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Twenty Years Before I Discovered my Aphasia, I researched an Essay on Global Aphasia

On December 8, 2008, I was unconscious.  I lay there in the ICU in a medical coma.  The brain surgeon was completely exhausted  He wept to my parents, “He had a fist-sized blood clot in his left hemisphere of his brain.  What we’re seeing is a catastrophic massive stroke”.   He was carefully pointing out that my parents’ son was a vegetable.  

Plus, my brain surgeon didn’t know that I had an aphasia.  That would come out in ten days where my coma finally started to ebb.  He must have known that a “fish-sized blood clot” would erase my spoken & written sentences and my ability to use my right-handed body.

Years later, the hosts of doctors said, “….and no thread to link up your primary motor cortex and primary somatosensory cortex was neurons so, your right body is paralyzing…”  

I denied that.  Completely.  


Years ago, in 1988, I went to University of Pennsylvania.  The woman at the registration administration said, “the Annenberg School for Communication has gotten fantastic programs on 16mm film-camera that you must take!”  

The Annenberg School for Communication’s administrators cancelled this 16mm film-camera seminar.

Still, I took courses there.  And, one of the courses was “Comm 164:  Sounds”.

I handed in my essay on Putting the ‘Sound’ Back into Sound Communication: An Overview of Non-lexical Comprehension of Speech as Displayed by Patients with Global Aphasia, to my teacher’s assistance on……December 8th,1988.   


Twenty years had passed.  I can still remember the library, and the textured of the dark wooded bookshelves and my trembling emotion upon seeing the “aphasia” note-card.


My essay about aphasia.

Chuang Tzu wrote that, “fishing baskets are used to catch fish; but when the fish are got, the men forget the baskets…words are employed to convey ideas; but when the ideas are grasped, men forget the words” (Rheingold, 1988: pp.147) As someone who has grown up with English as a first language, and having read rather than heard Chuang Tzu’s thought, you have unfortunately fallen prey to one of the pitfalls of the English language.  Although Chuang Tzu neglected to explain what makes up the fibers of language that weaves these nets, as someone whose vision of language had been shaped by the Chinese language he would certainly have included tone, juncture and stress into his idea of language. Would a speaker of English agree with my contention, or would he maintain that the “net” is derived purely from lexical comprehension. Since, in literate societies, speech can be translated into symbols which signify phonemes, I believe that there is a tendency in our culture to believe that the written word is a complete representation of speech.  Furthermore, given the preponderance of lex and syntax in writing, due to the inherent arbitrariness of the written word, I feel that English speakers, through cultural bias, belittle the importance of tonal and associative meaning in the comprehension of speech.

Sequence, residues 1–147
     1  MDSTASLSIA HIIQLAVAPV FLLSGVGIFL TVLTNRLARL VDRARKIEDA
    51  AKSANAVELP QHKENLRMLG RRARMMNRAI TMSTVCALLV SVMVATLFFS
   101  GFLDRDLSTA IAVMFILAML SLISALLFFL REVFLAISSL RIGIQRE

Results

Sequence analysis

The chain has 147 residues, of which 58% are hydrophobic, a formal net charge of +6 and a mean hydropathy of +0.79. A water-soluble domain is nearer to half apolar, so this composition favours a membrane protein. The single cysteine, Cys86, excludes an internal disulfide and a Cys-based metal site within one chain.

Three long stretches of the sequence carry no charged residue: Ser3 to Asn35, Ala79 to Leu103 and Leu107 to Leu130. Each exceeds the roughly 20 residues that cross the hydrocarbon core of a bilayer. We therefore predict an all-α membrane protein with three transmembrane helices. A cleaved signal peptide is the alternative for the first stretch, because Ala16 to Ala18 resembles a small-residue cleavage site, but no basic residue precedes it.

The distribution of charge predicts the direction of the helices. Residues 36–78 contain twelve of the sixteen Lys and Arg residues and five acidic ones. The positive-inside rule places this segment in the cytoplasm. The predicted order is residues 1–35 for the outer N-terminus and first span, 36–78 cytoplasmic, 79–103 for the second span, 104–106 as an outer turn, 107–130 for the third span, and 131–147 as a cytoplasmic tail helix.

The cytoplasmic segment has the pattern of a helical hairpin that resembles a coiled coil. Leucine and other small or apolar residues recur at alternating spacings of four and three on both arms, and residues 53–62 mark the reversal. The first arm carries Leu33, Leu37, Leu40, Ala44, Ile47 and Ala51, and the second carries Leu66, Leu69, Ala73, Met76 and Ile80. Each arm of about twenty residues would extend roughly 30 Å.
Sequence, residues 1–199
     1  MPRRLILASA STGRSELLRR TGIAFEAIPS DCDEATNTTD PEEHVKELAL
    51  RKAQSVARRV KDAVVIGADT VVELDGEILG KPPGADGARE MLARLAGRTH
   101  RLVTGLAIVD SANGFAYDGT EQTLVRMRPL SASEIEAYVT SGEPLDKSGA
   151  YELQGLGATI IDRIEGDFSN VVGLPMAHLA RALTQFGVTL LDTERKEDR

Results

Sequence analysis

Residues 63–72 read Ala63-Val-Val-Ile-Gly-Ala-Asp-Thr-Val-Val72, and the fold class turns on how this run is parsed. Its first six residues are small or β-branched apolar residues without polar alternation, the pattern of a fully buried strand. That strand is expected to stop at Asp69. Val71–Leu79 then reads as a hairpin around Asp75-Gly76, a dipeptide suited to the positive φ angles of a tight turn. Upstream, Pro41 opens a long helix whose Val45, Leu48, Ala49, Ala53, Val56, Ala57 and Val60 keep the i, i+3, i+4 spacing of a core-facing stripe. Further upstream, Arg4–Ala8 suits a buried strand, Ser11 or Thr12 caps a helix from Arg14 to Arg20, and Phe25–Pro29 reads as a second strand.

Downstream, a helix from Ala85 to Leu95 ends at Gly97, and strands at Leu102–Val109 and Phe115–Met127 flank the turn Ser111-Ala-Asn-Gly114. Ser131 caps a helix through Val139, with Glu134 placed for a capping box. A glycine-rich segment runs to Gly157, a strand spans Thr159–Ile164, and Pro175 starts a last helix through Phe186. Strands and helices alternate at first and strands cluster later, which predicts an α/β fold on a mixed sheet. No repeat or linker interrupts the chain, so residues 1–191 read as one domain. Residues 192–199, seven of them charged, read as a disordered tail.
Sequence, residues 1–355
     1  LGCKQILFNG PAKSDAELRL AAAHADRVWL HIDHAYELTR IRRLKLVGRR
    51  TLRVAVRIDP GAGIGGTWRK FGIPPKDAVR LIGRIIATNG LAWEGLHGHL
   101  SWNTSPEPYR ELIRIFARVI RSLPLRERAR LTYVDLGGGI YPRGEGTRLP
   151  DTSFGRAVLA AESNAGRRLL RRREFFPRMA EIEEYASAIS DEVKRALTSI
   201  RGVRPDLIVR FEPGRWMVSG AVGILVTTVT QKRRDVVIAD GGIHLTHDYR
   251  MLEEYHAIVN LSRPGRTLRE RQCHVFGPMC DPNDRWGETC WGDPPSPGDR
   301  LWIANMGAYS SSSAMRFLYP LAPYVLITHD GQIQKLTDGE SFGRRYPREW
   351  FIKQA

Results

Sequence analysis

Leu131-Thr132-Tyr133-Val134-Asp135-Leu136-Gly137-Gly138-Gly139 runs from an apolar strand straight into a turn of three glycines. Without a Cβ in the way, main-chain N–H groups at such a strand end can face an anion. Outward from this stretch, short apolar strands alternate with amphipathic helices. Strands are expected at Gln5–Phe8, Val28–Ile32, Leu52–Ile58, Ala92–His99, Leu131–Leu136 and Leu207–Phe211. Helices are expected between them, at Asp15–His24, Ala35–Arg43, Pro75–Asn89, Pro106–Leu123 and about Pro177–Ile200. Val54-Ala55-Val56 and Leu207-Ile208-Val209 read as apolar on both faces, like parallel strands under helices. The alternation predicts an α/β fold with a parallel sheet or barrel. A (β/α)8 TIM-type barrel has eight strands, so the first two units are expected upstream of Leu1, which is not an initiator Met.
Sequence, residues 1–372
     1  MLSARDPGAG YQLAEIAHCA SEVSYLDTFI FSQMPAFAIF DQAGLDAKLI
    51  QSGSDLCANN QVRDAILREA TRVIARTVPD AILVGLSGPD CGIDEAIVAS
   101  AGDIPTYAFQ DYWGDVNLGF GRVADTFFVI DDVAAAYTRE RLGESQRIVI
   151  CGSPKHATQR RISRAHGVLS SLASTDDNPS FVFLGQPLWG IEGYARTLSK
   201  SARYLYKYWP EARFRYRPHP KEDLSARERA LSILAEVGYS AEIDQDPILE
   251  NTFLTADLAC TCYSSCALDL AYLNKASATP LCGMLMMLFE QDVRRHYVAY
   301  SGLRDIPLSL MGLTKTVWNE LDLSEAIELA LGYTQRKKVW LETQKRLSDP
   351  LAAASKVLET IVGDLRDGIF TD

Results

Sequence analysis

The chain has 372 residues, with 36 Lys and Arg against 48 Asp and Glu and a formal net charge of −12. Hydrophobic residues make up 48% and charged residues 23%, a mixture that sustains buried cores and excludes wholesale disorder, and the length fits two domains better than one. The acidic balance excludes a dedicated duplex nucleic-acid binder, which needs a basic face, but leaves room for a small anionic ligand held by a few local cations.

The attitude that the “word” (referring to the lexical value of arbitrarily grouped phonemes) is the meaning of speech, runs converse to experience. Given our ability to discern lies, to be taken in by the sincerely intoned jabberwocky of politicians and to nod in agreement with the stand-up Comedian’s adage that “it’s the way you tell it,” it seems an innate, although perhaps unconscious, belief in English that tone et al is important, although secondary to “real language.”

By studying the nature of human speech and the means by which it is processed by individuals suffering from language comprehension disfunction, this paper will demonstrate the importance of tonal information in the understanding of loose, or natural speech. Until now all the components of speech (intonation, juncture and stress,) which are neither lexical nor syntactic have been dismissed under the heading of “para-language.”  This paper will show that the implication, that “para-language” is somehow a redundant appendage to “real” language, is in fact misleading, and incorrect.